CenturyLink and the U.S. Census—You Can Count on It!
Frankly, I’m not usually there when our postal carrier arrives at my home, but these are unusual times, and this was an unusual piece of mail—a sky blue letter urging me to do something that had never been done before. For the first time in history, Americans can fill out their U.S. Census form online.
History in the Making
Last year, the U.S. Census Bureau selected CenturyLink to provide a fast and secure link between an online questionnaire and the cloud service storing those responses.
The project takes on even greater importance in the wake of the Covid-19 pandemic, which has sidelined door-to-door household visits by census takers, a practice dating back to George Washington. As a result, the collection deadline this year has been extended from the end of July to the middle of August.
Governments have been counting their citizens since ancient times, mostly as a way to make sure everyone paid their taxes. For example, a census was collected by the Normans after they conquered England.
The U.S. Census, on the other hand, has a completely different purpose. It wants to know how many people live in individual states to determine political representation on a federal, state, and local level. It also helps Congress figure out how much money in taxes it should return back to communities in the form of federal aid.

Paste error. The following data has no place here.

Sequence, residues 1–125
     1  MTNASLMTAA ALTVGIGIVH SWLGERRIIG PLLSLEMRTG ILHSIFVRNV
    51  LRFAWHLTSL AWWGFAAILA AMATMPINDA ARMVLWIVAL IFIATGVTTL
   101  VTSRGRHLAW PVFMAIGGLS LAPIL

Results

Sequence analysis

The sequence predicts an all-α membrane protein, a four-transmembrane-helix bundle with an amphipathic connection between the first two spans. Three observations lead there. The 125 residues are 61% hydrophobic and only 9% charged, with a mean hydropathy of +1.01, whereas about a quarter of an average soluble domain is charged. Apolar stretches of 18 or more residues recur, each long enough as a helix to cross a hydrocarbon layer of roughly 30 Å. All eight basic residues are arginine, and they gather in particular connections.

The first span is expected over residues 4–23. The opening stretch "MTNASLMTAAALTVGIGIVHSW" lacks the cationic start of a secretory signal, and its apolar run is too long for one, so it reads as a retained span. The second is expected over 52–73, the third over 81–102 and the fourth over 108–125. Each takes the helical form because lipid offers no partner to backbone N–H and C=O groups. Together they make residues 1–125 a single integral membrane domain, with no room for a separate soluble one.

The Decennial Census is the nation’s largest peacetime mobilization effort, and I’m proud that thousands of CenturyLink employees all across the United States have joined forces with the bureau to raise awareness of the 2020 Census and encourage participation.
A Heritage of Innovation
The Census Bureau has a rich history for finding innovative ways to collect data. In the 19th century, one of its employees, Herman Hollerith, invented a punch-card based, electronic tabulating machine as a faster and cheaper alternative to hand-counting.
Hollerith later founded a company around this new technology, which after several mergers, evolved into a business familiar to all of us–IBM. In the 1950s, the Census Bureau became one of the first civilian government agencies to purchase a computer (known as the UNIVAC) to tabulate the data.
That tradition of innovation and transformation continues with the bureau’s partnership with CenturyLink. As a leading provider of Managed Trusted Internet Protocol Services or MTIPS, we offer government agencies a highly secure, reliable and scalable infrastructure designed to detect and defend networks against cyberattacks.
It took a lot of planning to design a proposal to support the 125 million households expected to fill out the census survey online. To ensure a fast and reliable connection, we’re utilizing eastern and western points of presence that support speeds starting at 40 gigabits a second. That’s part of our commitment to serve the mission, while showcasing the bureau’s IT modernization efforts.
So far, people seem to like this new online method for completing their census survey. I certainly did. It was fast and easy to do. I encourage you to do so too by visiting www.my2020census.gov. I’m sure we can “count on you” to complete your civic duty with so much at stake.